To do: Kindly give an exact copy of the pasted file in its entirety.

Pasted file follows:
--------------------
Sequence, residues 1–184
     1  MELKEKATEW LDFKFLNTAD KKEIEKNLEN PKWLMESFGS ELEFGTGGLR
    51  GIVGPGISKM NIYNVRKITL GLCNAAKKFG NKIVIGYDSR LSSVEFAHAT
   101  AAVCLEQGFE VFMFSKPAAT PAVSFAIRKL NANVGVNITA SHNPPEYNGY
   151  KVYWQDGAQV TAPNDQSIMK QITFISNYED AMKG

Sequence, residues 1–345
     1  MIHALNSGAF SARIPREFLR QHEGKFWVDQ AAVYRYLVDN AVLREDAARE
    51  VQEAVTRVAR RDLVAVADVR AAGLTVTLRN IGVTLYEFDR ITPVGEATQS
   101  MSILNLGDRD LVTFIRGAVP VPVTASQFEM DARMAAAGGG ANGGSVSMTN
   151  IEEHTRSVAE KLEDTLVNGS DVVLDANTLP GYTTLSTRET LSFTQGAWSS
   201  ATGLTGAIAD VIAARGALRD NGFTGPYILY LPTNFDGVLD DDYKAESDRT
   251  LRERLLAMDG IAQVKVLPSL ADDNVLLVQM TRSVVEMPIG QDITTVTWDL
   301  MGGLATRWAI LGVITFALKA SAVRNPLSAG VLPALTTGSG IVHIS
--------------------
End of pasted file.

Sequence, residues 1–184
     1  MELKEKATEW LDFKFLNTAD KKEIEKNLEN PKWLMESFGS ELEFGTGGLR
    51  GIVGPGISKM NIYNVRKITL GLCNAAKKFG NKIVIGYDSR LSSVEFAHAT
   101  AAVCLEQGFE VFMFSKPAAT PAVSFAIRKL NANVGVNITA SHNPPEYNGY
   151  KVYWQDGAQV TAPNDQSIMK QITFISNYED AMKG

Sequence, residues 1–345
     1  MIHALNSGAF SARIPREFLR QHEGKFWVDQ AAVYRYLVDN AVLREDAARE
    51  VQEAVTRVAR RDLVAVADVR AAGLTVTLRN IGVTLYEFDR ITPVGEATQS
   101  MSILNLGDRD LVTFIRGAVP VPVTASQFEM DARMAAAGGG ANGGSVSMTN
   151  IEEHTRSVAE KLEDTLVNGS DVVLDANTLP GYTTLSTRET LSFTQGAWSS
   201  ATGLTGAIAD VIAARGALRD NGFTGPYILY LPTNFDGVLD DDYKAESDRT
   251  LRERLLAMDG IAQVKVLPSL ADDNVLLVQM TRSVVEMPIG QDITTVTWDL
   301  MGGLATRWAI LGVITFALKA SAVRNPLSAG VLPALTTGSG IVHIS